Innocents Of Fr Brown: Produced by John Pridmore

Innocents Of Fr Brown: Produced by John Pridmore

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The Innocence of Father Brown is the first of five collections of mystery stories featuring Chesterton's canny priest. It's probably the best collection and it introduces the holy detective—as well as his sometime opponent, sometime collaborator, Flambeau. But each collection offers some great stories.

I'm very fond of Father Brown—despite several potential obstacles.

For one thing, the plots of these stories are implausible. They are part of the tradition of British murder mysteries that the later American hardboiled school revolted against. Murders are carried out in ridiculously complicated fashions, as no crimes are committed in the real world.

Father Brown is the prototype of the intuitive amateur sleuth (like Agatha Christie's Miss Marple and TV's Jessica Fletcher on Murder, She Wrote), who runs into murders everywhere he goes and manages to solve the crimes with only one or two clues where thorough, professional investigators are stumped.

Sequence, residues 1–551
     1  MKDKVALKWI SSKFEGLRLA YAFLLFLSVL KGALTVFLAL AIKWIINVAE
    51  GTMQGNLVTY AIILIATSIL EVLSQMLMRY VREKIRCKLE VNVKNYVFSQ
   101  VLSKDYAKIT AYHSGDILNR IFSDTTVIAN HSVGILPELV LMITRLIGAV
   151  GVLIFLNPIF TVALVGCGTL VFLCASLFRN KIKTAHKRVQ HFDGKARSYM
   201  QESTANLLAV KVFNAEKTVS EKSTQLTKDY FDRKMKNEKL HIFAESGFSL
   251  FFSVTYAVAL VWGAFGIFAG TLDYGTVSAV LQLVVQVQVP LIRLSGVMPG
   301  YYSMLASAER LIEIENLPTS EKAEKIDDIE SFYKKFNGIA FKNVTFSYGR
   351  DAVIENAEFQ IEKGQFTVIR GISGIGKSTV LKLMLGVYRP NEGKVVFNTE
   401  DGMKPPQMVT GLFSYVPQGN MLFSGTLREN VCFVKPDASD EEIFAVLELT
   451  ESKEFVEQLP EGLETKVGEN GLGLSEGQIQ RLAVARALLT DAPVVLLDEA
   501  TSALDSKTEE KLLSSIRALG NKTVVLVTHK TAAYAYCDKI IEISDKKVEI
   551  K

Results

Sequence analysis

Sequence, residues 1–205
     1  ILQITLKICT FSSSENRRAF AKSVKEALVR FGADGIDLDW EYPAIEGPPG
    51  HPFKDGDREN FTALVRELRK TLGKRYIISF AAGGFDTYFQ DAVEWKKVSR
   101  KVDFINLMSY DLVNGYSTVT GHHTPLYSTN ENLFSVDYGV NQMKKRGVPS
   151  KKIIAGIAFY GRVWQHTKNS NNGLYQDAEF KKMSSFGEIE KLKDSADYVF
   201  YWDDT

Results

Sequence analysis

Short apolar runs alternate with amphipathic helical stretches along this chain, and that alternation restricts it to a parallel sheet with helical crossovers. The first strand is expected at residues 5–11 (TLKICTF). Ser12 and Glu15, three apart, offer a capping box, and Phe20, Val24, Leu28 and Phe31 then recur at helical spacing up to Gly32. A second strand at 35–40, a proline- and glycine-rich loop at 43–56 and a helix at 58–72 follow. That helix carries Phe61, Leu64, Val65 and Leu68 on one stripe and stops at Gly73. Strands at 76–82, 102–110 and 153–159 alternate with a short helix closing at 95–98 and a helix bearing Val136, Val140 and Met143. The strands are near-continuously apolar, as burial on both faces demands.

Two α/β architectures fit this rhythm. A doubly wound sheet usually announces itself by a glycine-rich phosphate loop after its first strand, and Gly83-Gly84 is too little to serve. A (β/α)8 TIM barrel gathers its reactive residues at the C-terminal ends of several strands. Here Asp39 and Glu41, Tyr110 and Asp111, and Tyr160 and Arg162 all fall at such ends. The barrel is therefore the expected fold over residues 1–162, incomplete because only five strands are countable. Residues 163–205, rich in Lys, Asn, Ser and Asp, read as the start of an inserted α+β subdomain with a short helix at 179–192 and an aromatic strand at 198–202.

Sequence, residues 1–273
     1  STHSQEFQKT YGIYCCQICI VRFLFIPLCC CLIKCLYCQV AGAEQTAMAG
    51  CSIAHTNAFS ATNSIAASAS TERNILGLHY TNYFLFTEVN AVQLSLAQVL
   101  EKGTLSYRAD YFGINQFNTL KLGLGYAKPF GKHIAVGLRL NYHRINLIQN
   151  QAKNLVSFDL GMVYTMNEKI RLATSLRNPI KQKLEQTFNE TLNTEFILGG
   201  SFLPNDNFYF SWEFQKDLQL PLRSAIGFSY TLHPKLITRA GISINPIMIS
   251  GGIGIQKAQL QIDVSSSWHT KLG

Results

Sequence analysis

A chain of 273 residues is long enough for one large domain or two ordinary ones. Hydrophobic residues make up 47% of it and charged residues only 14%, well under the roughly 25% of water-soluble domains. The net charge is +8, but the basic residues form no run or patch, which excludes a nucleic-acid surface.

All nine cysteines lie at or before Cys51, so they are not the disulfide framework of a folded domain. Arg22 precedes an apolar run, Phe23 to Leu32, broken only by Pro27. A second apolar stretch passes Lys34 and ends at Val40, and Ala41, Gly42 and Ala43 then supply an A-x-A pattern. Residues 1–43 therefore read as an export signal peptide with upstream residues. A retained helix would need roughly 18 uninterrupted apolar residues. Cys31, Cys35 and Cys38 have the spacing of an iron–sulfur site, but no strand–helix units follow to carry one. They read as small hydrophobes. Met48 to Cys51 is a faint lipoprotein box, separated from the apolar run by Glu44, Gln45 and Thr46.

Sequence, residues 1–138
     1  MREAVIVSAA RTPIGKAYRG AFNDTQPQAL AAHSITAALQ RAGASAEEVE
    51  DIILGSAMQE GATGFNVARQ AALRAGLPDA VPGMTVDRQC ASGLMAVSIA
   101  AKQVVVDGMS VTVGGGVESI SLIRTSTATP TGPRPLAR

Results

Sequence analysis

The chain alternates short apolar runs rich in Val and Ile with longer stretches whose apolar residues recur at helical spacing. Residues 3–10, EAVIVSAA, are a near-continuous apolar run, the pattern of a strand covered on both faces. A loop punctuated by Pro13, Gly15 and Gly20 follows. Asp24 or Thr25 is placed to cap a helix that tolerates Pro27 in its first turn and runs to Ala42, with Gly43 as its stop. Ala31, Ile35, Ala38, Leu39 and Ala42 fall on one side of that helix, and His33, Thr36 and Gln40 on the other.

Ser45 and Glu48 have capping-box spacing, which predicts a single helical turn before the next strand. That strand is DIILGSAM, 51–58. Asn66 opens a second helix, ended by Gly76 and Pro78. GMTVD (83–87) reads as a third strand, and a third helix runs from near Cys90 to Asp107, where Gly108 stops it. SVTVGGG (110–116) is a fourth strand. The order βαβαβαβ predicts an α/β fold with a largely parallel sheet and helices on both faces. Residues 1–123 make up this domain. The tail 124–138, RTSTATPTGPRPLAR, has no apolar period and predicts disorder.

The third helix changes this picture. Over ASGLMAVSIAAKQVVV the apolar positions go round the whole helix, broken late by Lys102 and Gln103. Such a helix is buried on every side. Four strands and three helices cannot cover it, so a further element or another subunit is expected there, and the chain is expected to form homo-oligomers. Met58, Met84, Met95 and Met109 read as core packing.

The mysteries are extremely clever on the most superficial level, with several innovations on the classic locked-door mystery and other more novel situations. But on top of that, they involve an understanding of human nature—or at least of how human nature operates in society.

Typically, Father Brown solves crimes by sharing the perpetrators' own insights into human perception, which allow them to commit the deeds and him to uncover them. He sees what others, including the readers, do not, even when it is right before our eyes.

Not always though. In about a third of the stories I did see the solution coming from a long way off. I suspect though this is because these stories, like the mysteries of Arthur Conan Doyle and Edgar Allen Poe, have become embedded in our culture. The surprise has worn off because the tricks have been replayed so many times in stories, movies and television shows since they were invented by these masters.


Author: G K Chesterton
Narrator: David Thalenberg
Publisher: John Pridmore
Run time: 8 hours 17 minutes
Release Date: 08/18/2022